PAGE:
Four Candidates Announce For ITID Ahead Of June 17 Deadline

Three seats on the Indian Trail Improvement District Board of Supervisors will be decided in this election cycle.

Two candidates have filed paperwork with the Palm Beach County Supervisor of Elections Office to run in both Seat 1 and Seat 3. Seat 5, held by ITID President Michael Johnson, had no declared candidates as of Wednesday, June 1.

The formal qualifying period for candidates runs from noon on Monday, June 13 through noon on Friday, June 17.

If only one candidate files for a seat by the deadline, that candidate will be automatically elected. If two candidates file for a seat, the election will be held during the general election Tuesday, Nov. 8. If more than two candidates file for a seat, a primary election will be held Tuesday, Aug. 23.

Supervisor Jennifer Hager, who has held Seat 1 since 2010, has indicated that she does not plan to seek re-election. Elizabeth Accomando, who lives on Carol Street in the recently activated Santa Rosa Groves neighborhood, and Orange Blvd. resident Banjamin Beerman, have filed for the seat.

Incumbent Supervisor Joni Martin, a Hall Blvd. resident, will be defending her Seat 3. As of this week, Grissel Ramos, who lives on 37th Place North, is the only candidate to have filed against her thus far.

In the Seat 1 race, Accomando said she’s running in hopes of getting ITID “back to our roots” as a non-urban community with a strong, rural aesthetic.

“I want to focus on issues that are important for the community as a whole,” she said.

Road safety is a “hot-button issue… for pedestrians and equestrians,” Accomando said. “People are concerned they can’t ride their horses anymore.”

Accomando is a Long Island, N.Y., native who moved to Florida in 1991. With a background as an insurance adjuster and business owner, she moved into the district in 2013 and was a prime supporter of the push to activate Santa Rosa Groves — an area of 99 lots ranging from five acres to 20 acres west of The Acreage and north of White Fences.

With her husband Steve Accomando, she is founder and secretary/treasurer of Barky Pines Animal Rescue & Sanctuary. According to the organization’s web site, Elizabeth Accomando runs the daily operations, caring for the animals and leading fundraising efforts.

Beerman could not be reached for comment, but he provided a filing statement to the Palm Beach County Supervisor of Elections Office.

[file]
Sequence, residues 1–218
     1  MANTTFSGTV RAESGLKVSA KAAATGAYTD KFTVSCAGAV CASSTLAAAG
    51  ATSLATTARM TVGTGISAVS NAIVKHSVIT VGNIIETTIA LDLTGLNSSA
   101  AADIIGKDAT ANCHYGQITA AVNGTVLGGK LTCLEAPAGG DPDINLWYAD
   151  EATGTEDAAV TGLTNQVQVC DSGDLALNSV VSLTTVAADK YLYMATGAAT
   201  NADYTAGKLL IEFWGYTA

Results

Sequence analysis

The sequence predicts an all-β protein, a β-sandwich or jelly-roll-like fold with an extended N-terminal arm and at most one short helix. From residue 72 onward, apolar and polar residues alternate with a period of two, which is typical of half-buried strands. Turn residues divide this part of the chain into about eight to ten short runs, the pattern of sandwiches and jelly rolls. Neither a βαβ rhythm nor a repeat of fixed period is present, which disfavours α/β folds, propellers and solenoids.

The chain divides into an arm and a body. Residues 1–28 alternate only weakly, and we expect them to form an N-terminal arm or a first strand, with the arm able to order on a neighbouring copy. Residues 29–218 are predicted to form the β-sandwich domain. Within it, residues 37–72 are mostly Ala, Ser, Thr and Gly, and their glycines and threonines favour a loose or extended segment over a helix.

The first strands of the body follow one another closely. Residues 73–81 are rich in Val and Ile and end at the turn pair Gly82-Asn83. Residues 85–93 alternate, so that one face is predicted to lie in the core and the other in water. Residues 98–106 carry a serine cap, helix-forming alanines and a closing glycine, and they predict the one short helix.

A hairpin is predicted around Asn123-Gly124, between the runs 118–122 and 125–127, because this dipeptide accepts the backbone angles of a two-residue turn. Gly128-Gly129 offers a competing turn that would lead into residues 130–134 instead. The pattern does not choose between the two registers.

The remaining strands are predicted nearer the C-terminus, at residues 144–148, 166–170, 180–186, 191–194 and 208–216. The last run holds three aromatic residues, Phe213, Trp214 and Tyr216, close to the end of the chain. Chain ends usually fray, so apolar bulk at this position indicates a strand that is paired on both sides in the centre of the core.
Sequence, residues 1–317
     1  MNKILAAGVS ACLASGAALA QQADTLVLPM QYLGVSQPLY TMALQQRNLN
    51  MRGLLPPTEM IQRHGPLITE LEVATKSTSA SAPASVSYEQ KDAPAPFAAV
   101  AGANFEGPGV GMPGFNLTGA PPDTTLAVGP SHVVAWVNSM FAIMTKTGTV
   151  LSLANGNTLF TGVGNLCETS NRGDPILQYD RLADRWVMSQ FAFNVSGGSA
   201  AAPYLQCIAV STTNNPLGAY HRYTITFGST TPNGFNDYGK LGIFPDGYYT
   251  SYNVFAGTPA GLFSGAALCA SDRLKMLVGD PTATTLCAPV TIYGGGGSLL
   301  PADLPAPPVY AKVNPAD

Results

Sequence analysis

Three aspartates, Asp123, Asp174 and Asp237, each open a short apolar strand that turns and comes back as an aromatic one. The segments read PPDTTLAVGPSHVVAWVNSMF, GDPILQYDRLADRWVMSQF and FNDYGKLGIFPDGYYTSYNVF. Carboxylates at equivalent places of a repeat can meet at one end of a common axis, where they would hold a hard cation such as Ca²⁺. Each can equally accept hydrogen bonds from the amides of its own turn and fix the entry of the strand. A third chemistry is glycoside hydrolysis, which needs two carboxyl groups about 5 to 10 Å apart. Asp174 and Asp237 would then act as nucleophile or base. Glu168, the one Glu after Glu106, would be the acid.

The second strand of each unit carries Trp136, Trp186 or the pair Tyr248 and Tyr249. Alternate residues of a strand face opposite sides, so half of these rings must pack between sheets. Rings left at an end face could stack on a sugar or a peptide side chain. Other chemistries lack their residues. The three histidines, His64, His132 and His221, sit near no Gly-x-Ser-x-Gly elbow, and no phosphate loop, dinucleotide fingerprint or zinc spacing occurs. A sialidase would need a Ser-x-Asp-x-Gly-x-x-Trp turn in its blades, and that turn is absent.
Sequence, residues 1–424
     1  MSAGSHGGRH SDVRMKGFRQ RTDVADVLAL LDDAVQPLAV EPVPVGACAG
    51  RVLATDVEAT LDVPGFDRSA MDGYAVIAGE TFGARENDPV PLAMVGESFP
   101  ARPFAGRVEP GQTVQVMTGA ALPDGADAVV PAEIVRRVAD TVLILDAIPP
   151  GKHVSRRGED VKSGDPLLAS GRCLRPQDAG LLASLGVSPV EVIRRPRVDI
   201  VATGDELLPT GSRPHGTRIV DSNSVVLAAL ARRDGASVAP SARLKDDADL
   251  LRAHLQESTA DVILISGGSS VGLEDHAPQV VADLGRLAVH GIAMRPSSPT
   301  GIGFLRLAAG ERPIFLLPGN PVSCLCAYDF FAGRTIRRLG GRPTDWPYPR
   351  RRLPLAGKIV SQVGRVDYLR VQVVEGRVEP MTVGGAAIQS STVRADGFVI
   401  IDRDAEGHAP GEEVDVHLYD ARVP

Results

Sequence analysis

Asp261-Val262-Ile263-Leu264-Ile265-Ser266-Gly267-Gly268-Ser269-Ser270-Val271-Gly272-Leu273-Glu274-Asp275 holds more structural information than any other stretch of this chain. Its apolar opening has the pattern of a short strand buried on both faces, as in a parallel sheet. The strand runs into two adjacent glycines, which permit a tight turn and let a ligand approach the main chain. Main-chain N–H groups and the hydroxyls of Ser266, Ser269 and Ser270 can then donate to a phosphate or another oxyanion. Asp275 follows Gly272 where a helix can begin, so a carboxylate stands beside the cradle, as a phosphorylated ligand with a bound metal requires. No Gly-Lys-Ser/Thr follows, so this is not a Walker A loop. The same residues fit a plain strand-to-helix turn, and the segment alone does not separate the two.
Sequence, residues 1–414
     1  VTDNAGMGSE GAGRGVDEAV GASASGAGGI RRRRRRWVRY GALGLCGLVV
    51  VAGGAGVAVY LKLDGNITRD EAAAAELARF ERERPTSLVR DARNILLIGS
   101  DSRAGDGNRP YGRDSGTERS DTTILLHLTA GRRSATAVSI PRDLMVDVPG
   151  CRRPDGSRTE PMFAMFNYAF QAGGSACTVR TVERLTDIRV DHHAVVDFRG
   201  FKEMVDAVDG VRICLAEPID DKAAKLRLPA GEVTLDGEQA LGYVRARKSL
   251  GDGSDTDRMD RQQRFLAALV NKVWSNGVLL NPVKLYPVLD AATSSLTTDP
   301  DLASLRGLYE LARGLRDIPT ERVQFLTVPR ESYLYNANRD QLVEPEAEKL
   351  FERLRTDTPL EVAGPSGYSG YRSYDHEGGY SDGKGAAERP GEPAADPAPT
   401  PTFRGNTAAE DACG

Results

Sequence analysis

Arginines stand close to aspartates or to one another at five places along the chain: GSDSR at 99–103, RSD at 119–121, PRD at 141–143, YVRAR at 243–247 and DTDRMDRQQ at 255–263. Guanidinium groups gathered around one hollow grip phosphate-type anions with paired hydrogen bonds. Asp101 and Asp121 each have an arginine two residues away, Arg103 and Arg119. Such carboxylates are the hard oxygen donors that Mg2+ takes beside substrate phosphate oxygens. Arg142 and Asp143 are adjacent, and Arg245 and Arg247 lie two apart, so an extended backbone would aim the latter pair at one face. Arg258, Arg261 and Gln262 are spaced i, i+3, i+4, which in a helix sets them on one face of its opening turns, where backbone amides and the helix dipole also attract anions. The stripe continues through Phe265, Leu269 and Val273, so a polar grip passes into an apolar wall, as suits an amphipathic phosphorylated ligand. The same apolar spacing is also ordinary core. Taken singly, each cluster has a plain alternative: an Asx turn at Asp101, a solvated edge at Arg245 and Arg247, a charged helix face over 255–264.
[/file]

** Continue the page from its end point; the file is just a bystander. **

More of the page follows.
“I am interested in representing the best interests of the residents of The Acreage and Loxahatchee by bringing an objective and open-minded voice to the board,” Beerman wrote. “My goal is to be available to listen to the needs of the residents as it pertains to district business and to conduct district business with transparency and fairness.”

Beerman went on to write that he believes his background in property management for public and private properties of all sizes would serve him well as a supervisor.

In the Seat 3 race, Martin said that she had been “up in the air” about seeking a second term but decided to continue her service to the community.

“There are so many changes facing our area… [and] I do care very much about our residents,” Martin said. “I think it is important to keep the knowledge that I’ve gained on the board rather than turn it over to a new person because there is such a huge learning curve.”

Martin is a New York native who studied radio and TV production at George Washington University. She has lived in Florida for 20 years, the western communities for 12 years and the ITID area for six.

A makeup artist with a background in retail sales, Martin is a single mother who has long been involved with animal rescue. “I truly have the best interests of the community at heart,” she said. “I want to continue to be a watchdog for residents.”

Ramos was born in Cuba and grew up in Miami and California. She returned to South Florida and held administrative positions with a major credit card company. She and her husband moved to the ITID area in 2006 and has since cared for her daughter and her mother, both of whom had health issues.

Now that their situations have changed, the mother of five and grandmother to nine said she’s ready to become more involved in the community.

“I don’t like what’s going on in the community… [and] I’ve seen a lot of division on the board itself,” Ramos said. “I’m a team player who has learned how to negotiate with people I don’t agree with.”

Ramos added that she wants to be a voice for people in the community who she feels are not being heard. “I don’t belong to any cliques,” she said. “I’m fair-minded, and I treat everyone the same.”

E-mails to Johnson regarding his re-election plans were not answered by press time.